Michael Hansen at eLearning Industry suggests you start at the beginning by considering a candidate's willingness to develop soft skills in your hiring decisions. You might wonder why you shouldn't just skip the training and focus on hiring people with excellent soft skills. Soft skills can and should continue to develop throughout a person's career. In the long run, you're usually better off with an employee with acceptable soft skills who recognizes the value of soft skill development than with one who has stellar soft skills right now but sees no reason to continue working on them.
2. Involve employees in your Needs Analysis (NA)
If the problem with motivating employees to take soft skills training is that they don't see the need for the training, start by asking them what they do need. Not only will this help them acknowledge that the training offers support for real problems they're experiencing. but it encourages them to buy in and engage with the program.
3. Write meaningful learning objectives
The training program's learning objectives should be another place where the program's benefits are clearly stated. Focus on specific problems the training will help learners overcome. In particular, knowledge objectives should focus on the higher functional levels of Bloom's taxonomy: applying, analyzing and evaluating, more than remembering and understanding. If you'd like a primer on writing learning objectives and Bloom's taxonomy, read How to Write Effective Learning Objectives.
4. Use effective and engaging learning strategies
Soft skills require practice as well as knowledge. Choosing the right learning strategies can go a long way to motivate learners to engage with the training. For soft skill training, consider:
- Simulation games: Give employees the opportunity to practice decision-making and explore consequences in a risk-free environment.
- Microlearning: When learners seek out a short module on presentation skills while working on a presentation, they not only develop their knowledge of soft skills but get an immediate opportunity to practice what they've learned.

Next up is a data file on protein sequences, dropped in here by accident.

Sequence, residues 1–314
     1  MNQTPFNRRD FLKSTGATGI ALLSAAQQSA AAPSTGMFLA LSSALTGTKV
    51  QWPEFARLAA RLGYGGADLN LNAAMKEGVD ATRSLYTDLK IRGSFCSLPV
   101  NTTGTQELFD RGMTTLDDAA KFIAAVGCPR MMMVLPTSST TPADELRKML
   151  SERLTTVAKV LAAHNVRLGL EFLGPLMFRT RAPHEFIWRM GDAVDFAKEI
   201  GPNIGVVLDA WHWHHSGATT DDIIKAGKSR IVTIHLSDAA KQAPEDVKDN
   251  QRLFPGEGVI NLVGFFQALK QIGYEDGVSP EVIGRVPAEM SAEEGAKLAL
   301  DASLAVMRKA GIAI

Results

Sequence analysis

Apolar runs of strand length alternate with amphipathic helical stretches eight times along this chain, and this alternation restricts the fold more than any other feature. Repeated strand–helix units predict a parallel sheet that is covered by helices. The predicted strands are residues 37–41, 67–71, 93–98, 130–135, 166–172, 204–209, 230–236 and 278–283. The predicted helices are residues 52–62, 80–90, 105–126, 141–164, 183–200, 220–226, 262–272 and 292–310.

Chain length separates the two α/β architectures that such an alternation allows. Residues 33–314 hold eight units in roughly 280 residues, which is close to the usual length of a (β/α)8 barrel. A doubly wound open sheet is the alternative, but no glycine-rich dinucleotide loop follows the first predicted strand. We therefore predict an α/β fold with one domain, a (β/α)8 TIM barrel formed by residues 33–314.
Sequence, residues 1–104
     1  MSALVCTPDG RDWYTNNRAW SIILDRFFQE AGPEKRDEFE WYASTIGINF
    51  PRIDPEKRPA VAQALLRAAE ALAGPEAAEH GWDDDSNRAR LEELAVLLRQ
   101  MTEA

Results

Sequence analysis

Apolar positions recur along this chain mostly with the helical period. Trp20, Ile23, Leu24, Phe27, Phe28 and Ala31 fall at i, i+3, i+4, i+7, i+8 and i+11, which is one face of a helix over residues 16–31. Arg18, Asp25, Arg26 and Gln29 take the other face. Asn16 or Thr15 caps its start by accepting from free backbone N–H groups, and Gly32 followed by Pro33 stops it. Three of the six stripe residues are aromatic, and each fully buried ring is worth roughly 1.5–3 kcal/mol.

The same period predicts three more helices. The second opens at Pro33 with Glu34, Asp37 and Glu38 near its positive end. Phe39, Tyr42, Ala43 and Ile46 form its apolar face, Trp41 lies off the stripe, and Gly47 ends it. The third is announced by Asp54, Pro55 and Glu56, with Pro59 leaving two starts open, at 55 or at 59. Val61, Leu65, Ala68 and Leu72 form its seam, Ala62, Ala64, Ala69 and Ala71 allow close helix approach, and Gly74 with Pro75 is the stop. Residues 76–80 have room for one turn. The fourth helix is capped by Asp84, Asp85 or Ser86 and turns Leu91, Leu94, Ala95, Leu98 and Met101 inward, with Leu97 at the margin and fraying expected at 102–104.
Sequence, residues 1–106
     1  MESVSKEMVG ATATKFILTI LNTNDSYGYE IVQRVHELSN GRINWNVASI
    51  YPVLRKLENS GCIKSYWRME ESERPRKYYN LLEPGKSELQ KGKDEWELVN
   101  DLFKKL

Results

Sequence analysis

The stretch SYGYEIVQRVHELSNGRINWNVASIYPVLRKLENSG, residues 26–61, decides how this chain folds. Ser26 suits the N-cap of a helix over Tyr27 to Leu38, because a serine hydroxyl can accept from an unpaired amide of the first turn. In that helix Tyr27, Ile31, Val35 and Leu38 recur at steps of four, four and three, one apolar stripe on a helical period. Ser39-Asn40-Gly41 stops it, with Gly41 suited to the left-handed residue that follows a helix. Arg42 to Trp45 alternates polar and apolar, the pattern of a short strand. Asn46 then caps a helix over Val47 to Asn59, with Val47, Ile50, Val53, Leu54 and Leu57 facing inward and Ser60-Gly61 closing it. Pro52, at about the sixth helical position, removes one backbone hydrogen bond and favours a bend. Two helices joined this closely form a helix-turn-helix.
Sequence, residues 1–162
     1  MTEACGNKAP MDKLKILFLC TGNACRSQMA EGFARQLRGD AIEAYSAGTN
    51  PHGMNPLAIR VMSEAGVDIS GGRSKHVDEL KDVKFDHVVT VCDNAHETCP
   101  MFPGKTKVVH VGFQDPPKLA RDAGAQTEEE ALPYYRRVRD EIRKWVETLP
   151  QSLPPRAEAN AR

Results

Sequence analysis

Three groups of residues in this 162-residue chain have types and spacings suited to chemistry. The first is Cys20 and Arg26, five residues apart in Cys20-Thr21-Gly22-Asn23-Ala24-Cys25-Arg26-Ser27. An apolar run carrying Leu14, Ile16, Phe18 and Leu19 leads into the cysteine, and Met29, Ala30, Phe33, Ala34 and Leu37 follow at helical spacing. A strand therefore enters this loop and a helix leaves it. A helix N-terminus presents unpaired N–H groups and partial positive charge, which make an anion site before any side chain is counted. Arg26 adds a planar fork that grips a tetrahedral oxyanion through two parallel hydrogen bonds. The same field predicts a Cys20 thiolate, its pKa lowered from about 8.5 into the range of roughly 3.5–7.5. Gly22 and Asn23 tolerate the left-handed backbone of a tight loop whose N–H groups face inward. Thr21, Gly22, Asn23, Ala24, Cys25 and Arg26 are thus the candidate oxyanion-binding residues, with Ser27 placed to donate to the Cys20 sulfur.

- Opportunities to practice and reflect: Get managers on board with your training schedule. After a session on teamwork, ensure employees are assigned a team project. After and during the project, give them the opportunity to discuss their progress with their manager.
5. Improve learners' self-assessments by increasing their knowledge
Do you know the solution the Dunning-Kruger effect? It's training! As people learn more about the skills they lack, they begin to recognize the deficiencies in their own performance. Of course, the problem we're discussing here is how to get them into the training in the first place.
Two strategies for motivating poor performers by overcoming the Dunning-Kruger effect are:
- Make training mandatory: This strategy has its downsides and should be exercised judiciously, but it can be effective.
- Encourage employees to complete pre-tests: Once they find out their skills aren't as impressive as they thought, people are usually more open to improving them. There is a caveat to this approach as well; the goal is not to simply tell people that their skills are poor, but to explain what good skills look like. Motivation comes from feedback, not failure. An effective pre-test might focus on a single skill or a small subset of skills and end in a mini-lesson on enhancing the target skill.
Soft skill development is essential to good performance in any position, yet most employees find it hard to believe they need improvement. If you want to improve the soft skillset of your workforce, start by selecting employees who are open to the idea of learning. Next, involve them in every step of training program development, identifying the problems they're experiencing and clearly stating how the training will help them. Finally, pick the most effective learning strategies to help them learn what superb soft skills look like.
Sarah is an Instructional Designer at BaseCorp Learning Systems and is currently completing a PhD in Educational Technology. Her research focuses on implementing competency-based learning systems in all types of organizations. When she doesn't have her nose in a book you can find her at the gym, on the ice, on the ski hill, drinking wine or in a coffee shop … with her nose in a book.